One should restart the entire transaction if an
transaction calls can be nested. By default, this makes all database statements in the nested transaction block become part of the parent transaction. For example, the following behavior may be surprising:
User.transaction do User.create(username: 'Kotori') User.transaction do User.create(username: 'Nemu') raise ActiveRecord::Rollback end end
creates both “Kotori” and “Nemu”. Reason is the
ActiveRecord::Rollback exception in the nested block does not issue a ROLLBACK. Since these exceptions are captured in transaction blocks, the parent block does not see it and the real transaction is committed.
In order to get a ROLLBACK for the nested transaction you may ask for a real sub-transaction by passing
requires_new: true. If anything goes wrong, the database rolls back to the beginning of the sub-transaction without rolling back the parent transaction. If we add it to the previous example:
User.transaction do User.create(username: 'Kotori') User.transaction(requires_new: true) do User.create(username: 'Nemu') raise ActiveRecord::Rollback end end
only “Kotori” is created.
Most databases don't support true nested transactions. At the time of writing, the only database that we're aware of that supports true nested transactions, is MS-SQL. Because of this, Active Record emulates nested transactions by using savepoints. See dev.mysql.com/doc/refman/en/savepoint.html for more information about savepoints.
There are two types of callbacks associated with committing and rolling back transactions:
after_commit callbacks are called on every record saved or destroyed within a transaction immediately after the transaction is committed.
after_rollback callbacks are called on every record saved or destroyed within a transaction immediately after the transaction or savepoint is rolled back.
These callbacks are useful for interacting with other systems since you will be guaranteed that the callback is only executed when the database is in a permanent state. For example,
after_commit is a good spot to put in a hook to clearing a cache since clearing it from within a transaction could trigger the cache to be regenerated before the database is updated.
If you're on MySQL, then do not use Data Definition Language (DDL) operations in nested transactions blocks that are emulated with savepoints. That is, do not execute statements like 'CREATE TABLE' inside such blocks. This is because MySQL automatically releases all savepoints upon executing a DDL operation. When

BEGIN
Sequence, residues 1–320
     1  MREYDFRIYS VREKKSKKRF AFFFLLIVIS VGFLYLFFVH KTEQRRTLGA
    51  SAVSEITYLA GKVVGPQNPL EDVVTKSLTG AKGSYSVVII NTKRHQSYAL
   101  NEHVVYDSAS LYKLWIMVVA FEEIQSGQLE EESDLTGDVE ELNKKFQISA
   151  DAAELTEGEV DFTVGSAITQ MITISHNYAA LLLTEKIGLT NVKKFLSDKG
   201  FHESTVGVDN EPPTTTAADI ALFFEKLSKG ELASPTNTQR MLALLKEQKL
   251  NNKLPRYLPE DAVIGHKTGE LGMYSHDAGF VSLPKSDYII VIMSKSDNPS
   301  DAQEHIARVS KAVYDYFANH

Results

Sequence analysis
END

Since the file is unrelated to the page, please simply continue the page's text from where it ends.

transaction is finished and tries to release the savepoint it created earlier, a database error will occur because the savepoint has already been automatically released. The following example demonstrates the problem:
Model.connection.transaction do # BEGIN Model.connection.transaction(requires_new: true) do # CREATE SAVEPOINT active_record_1 Model.connection.create_table(...) # active_record_1 now automatically released end # RELEASE SAVEPOINT active_record_1 # ^^^^ BOOM! database error! end
Note that “TRUNCATE” is also a MySQL DDL statement!
Instance Public methods
after_commit(*args, &block) Link
This callback is called after a record has been created, updated, or destroyed.
You can specify that the callback should only be fired by a certain action with the
after_commit :do_foo, on: :create after_commit :do_bar, on: :update after_commit :do_baz, on: :destroy after_commit :do_foo_bar, on: [:create, :update] after_commit :do_bar_baz, on: [:update, :destroy]
after_create_commit(*args, &block) Link
after_commit :hook, on: :create.
after_destroy_commit(*args, &block) Link
after_commit :hook, on: :destroy.
after_rollback(*args, &block) Link
This callback is called after a create, update, or destroy are rolled back.
Please check the documentation of
after_commit for options.
after_save_commit(*args, &block) Link
after_commit :hook, on: [ :create, :update ].
after_update_commit(*args, &block) Link
after_commit :hook, on: :update.
transaction(**options, &block) Link
ConnectionAdapters::DatabaseStatements#transaction API docs.